Could you travel through a black hole? This Week in Astronomy with Dave Eicher

Traveling through black holes ain’t like dusting crops, kid. If spaghettification doesn’t kill you, the singularity probably will.
By | Published: February 19, 2024

Traveling into (or very near to) a black hole is the premise for a lot of fun science-fiction stories and films. But how far could you make it? Could you survive crossing the event horizon? And what awaits at the very center?

The answer to the first question depends on what kind of black hole you’re traveling into. Perhaps counterintuitively, the more massive a black hole is, the more gentle the inbound journey will be as you cross over the event horizon — the point of no return, inside of which not even light can escape.

The problem is tidal forces, which arise because an object’s gravitational pull becomes stronger as you approach it. If you’re being pulled in feet first, your feet will experience a stronger gravitational pull than your head. The net result is that your feet and head will want to fly apart and stretch your body into a thin string — a process that scientists call spaghettification.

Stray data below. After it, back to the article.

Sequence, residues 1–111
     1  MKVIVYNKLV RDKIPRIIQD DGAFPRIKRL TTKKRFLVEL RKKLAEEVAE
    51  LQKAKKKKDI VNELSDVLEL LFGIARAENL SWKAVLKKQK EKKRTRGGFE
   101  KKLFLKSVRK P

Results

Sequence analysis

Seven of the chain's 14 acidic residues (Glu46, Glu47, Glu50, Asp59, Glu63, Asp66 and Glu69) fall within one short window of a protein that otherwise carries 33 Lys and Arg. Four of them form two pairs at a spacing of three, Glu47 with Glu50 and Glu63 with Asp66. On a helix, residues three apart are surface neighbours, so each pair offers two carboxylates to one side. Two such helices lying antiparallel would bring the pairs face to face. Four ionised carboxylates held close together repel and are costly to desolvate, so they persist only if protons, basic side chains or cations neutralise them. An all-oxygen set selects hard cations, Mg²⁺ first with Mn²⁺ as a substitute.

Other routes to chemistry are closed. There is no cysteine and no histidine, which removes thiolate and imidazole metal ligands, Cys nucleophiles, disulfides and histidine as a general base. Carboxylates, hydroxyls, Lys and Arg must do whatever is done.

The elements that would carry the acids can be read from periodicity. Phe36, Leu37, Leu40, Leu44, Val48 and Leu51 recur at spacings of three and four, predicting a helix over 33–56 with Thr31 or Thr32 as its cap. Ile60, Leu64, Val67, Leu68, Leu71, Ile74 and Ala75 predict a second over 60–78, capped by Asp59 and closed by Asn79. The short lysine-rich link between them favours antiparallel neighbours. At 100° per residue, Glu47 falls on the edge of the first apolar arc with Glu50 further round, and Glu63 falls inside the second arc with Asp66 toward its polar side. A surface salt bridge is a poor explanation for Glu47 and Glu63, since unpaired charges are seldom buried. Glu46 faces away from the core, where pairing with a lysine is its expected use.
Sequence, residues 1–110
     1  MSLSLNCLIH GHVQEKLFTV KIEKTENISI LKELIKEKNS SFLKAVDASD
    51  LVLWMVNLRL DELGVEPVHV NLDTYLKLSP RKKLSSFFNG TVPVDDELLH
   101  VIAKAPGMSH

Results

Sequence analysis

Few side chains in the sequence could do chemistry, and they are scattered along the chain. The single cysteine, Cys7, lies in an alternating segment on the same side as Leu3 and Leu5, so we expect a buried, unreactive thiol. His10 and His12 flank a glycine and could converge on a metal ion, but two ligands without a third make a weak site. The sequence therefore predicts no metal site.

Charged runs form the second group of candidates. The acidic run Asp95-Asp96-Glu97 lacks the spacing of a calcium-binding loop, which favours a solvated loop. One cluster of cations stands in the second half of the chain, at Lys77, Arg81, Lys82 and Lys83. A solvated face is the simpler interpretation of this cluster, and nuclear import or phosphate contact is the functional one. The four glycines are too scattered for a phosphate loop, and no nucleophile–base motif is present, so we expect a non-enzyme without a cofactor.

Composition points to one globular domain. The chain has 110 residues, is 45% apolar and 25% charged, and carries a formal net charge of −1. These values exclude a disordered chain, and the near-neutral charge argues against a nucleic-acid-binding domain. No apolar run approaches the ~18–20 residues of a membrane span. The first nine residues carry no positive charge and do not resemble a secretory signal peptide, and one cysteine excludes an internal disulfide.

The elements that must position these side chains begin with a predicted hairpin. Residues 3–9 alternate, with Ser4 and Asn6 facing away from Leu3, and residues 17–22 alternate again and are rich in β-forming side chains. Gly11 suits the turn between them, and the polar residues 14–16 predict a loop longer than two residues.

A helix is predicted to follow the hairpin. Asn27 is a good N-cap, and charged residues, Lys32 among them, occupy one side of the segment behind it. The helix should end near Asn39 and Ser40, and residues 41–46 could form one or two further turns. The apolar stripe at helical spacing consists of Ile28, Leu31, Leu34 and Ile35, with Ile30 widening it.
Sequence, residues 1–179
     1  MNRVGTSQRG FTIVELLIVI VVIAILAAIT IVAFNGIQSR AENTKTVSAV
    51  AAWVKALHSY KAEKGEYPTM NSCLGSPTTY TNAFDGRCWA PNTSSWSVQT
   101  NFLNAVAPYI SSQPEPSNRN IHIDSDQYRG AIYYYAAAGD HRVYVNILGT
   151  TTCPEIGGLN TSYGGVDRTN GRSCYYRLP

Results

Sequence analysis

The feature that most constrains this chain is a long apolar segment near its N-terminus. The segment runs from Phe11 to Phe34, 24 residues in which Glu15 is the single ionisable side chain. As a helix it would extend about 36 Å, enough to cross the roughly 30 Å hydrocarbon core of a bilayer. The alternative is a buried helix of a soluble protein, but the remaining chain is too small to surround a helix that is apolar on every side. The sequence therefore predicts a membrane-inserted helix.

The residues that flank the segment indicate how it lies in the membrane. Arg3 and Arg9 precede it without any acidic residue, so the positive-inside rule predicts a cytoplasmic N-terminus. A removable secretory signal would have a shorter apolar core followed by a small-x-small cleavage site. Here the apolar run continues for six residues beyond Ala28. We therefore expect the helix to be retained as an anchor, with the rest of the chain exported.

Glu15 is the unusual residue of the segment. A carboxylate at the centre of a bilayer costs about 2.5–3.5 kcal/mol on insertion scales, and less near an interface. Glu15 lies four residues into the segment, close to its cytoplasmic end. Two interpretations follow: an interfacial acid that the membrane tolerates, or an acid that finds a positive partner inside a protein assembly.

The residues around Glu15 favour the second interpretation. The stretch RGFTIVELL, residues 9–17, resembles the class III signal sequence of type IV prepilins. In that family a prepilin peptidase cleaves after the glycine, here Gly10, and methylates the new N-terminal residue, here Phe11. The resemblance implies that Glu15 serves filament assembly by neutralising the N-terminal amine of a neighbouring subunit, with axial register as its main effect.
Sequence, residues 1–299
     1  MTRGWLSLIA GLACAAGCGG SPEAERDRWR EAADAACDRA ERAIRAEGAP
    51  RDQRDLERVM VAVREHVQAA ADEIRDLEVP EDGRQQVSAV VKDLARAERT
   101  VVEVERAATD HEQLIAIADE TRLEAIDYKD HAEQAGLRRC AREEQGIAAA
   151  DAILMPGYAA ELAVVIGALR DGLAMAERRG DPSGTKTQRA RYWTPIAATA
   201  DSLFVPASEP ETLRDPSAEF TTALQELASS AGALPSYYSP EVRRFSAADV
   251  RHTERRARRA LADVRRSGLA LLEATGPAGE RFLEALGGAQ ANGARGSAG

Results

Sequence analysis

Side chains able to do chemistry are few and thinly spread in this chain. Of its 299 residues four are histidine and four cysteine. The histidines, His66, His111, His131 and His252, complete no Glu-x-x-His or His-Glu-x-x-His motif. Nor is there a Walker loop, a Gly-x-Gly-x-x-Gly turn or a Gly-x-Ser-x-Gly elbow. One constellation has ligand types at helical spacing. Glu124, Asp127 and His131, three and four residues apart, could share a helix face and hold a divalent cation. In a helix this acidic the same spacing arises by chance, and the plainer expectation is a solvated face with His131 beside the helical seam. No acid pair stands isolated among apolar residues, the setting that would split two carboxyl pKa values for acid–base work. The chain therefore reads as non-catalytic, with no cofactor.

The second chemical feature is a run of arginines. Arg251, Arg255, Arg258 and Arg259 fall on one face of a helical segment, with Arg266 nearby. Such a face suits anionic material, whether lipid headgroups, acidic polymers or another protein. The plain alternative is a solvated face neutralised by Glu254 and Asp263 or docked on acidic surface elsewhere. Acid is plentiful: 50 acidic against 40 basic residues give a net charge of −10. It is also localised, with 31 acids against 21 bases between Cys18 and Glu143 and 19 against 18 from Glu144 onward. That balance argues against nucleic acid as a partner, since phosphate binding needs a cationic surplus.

For a stellar-mass black hole — the ordinary, humdrum black holes formed when a massive star explodes — the event horizon is located relatively close in. This means that tidal forces will be quite strong. But for a supermassive black hole that weighs millions of times the mass of the Sun, the event horizon will be so far away that tidal forces are quite gentle.

But what happens when you reach the center of a black hole is another matter. Most theorists think that a singularity lies at the center, which would crush you into a pinpoint — and that would end your trip real quick, wouldn’t it?

But that doesn’t mean we can’t enjoy a good sci-fi, black hole story. The fascinating physics of space and time around black holes and the way they warp reality make for plenty of material.

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